Going through the album, the song "Truth" sticks out to me as having a really different vibe than the rest of the record, and I think a lot of that has to do with the melodic vocals.

Yeah, we like to do that. We like to throw curveballs and shit like that. I don't like records that sound the same all the way through. We had, like, four or five mellow songs to choose from and we chose that one. It's a pretty good song, and it came out really good [pauses] ... though, I think it could've maybe come out a little better. All in all, though, it's a good track.

Have you ever considered doing a more melodic side project?

Yeah, I think something like that will happen eventually, because I've been doing this shit for, I think, almost … well, this is my sixth record. So, sooner or later. I'll always do heavy shit, but eventually I'll cross over. I already tried to do a mellow thing, but then Bloodsimple got so busy I had to put it on a backburner.

What sort of project was it?

It wasn't anything. It was just a studio project, just having some fun. Had about, I don't know, maybe 10 songs, but they never got off the ground in the studio. We were just jamming, drinkin' beers, havin' fun. Did a bunch of live jams. Some of the shit was actually really cool, but again Bloodsimple started to get really busy and it was getting too hectic. People were getting mad, so I'll just lay low and [release it] when the time's right for that, which actually might not be too far off. I don't know where I'd go with it – I'll probably have to go with an indie label, but something like that will come out eventually.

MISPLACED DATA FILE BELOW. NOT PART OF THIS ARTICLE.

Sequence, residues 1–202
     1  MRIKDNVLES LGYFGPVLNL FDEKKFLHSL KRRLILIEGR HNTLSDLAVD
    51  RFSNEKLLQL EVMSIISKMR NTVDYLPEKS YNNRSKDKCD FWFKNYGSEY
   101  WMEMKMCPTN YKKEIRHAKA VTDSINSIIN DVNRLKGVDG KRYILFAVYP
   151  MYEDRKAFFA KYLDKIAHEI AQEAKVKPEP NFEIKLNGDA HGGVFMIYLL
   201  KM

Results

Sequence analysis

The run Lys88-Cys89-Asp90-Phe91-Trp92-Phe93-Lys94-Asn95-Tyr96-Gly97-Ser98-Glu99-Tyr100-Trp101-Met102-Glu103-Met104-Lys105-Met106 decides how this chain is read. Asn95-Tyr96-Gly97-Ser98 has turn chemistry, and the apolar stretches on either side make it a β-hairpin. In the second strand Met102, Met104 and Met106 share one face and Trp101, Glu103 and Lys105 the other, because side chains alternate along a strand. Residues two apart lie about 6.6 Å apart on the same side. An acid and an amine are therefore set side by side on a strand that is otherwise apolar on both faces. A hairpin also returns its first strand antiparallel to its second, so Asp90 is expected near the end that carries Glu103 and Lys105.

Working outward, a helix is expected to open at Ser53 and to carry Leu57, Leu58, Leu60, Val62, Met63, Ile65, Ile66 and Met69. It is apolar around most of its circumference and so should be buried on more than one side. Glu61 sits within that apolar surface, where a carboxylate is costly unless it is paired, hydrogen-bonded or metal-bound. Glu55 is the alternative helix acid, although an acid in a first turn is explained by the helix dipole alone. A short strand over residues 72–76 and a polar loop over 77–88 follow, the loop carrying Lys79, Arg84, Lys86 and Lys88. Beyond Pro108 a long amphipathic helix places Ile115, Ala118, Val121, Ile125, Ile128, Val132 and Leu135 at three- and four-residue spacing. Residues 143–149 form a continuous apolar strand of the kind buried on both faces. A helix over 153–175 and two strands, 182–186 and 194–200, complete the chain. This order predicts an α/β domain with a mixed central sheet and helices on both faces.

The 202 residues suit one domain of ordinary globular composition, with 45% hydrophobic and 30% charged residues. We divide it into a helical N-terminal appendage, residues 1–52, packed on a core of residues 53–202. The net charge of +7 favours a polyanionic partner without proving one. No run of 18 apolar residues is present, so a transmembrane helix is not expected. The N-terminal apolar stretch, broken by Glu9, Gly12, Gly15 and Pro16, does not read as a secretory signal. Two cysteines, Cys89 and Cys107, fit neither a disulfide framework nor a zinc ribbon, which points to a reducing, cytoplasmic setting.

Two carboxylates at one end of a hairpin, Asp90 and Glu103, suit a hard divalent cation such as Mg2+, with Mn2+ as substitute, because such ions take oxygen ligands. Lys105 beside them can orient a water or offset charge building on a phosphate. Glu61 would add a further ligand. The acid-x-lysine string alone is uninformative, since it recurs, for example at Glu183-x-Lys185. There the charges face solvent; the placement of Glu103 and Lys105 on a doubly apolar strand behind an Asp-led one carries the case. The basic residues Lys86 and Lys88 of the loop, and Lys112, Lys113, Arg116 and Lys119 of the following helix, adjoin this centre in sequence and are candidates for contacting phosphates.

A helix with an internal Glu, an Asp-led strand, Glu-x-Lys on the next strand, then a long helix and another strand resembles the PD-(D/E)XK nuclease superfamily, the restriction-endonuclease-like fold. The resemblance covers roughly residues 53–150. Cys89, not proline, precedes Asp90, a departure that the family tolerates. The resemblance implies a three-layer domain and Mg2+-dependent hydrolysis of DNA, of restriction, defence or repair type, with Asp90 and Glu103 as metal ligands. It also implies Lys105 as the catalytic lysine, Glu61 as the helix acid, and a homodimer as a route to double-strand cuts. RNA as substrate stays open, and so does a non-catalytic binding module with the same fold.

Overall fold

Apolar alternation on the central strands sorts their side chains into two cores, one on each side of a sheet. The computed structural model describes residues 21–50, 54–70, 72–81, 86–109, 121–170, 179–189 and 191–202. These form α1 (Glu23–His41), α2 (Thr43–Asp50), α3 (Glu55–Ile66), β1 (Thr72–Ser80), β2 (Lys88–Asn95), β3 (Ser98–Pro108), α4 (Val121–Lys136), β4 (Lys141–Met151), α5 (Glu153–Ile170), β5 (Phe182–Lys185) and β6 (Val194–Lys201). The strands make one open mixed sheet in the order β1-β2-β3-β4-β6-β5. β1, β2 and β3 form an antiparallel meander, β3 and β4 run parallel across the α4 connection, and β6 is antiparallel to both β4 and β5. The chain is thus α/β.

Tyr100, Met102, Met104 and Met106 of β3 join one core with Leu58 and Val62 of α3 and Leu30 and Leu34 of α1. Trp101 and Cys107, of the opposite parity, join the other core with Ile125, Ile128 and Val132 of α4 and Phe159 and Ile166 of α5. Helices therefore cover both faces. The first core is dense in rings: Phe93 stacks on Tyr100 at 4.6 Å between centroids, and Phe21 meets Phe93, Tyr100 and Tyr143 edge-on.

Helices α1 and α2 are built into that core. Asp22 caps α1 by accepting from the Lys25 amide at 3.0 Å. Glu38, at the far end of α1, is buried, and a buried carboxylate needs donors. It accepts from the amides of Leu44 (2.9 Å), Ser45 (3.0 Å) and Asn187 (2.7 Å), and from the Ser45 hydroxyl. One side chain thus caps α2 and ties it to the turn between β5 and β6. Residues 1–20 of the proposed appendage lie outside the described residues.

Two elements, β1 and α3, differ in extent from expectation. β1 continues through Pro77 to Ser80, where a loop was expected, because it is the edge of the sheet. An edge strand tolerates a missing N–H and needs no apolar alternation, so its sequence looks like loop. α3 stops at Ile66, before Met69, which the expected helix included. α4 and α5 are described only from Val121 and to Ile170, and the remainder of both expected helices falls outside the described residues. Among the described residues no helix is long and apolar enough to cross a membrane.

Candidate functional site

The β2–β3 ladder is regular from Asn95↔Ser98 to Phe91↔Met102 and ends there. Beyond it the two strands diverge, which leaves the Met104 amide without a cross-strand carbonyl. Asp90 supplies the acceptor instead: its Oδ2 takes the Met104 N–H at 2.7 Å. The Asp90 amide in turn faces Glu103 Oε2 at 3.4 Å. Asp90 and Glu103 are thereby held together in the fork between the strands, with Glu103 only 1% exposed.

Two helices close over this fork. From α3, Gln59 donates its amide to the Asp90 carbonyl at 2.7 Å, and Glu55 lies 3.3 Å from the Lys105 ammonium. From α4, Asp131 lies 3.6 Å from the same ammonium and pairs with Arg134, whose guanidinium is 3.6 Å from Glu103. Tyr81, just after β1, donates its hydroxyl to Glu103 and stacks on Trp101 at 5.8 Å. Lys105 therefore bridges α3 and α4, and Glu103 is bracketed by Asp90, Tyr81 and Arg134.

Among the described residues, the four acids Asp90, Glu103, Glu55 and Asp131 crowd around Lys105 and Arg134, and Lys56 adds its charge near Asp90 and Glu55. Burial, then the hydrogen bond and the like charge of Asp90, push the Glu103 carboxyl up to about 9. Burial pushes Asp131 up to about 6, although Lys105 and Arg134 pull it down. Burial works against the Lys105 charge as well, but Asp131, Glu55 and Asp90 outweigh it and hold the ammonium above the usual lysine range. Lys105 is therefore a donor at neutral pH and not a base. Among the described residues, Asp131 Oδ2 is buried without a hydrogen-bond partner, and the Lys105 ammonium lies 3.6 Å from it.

Sounds interesting. You know, something that stuck with me after listening to the new record was your choice to quote Jim Morrison in the first song. Anybody who knows "The End" will immediately recognize those lyrics, and they create a pretty strong impression right out of the gate. Also, I had read that you recorded a cover of "Five to One" for a myspace-only release. I take it The Doors are a pretty important influence, then?

The Doors are, like, my favorite band of all time. They're the reason I got into music. I discovered them in early high school, and Machine – he always knew that. We were both just bummin' around the studio one day, hangin', you know, had a couple of glasses of wine, and he was like "dude, you got to fuckin' start this right. You have to make an impact with this first song. We've got to grab some fuckin' people's attention" – like it grabbed your fuckin' attention.

It definitely worked.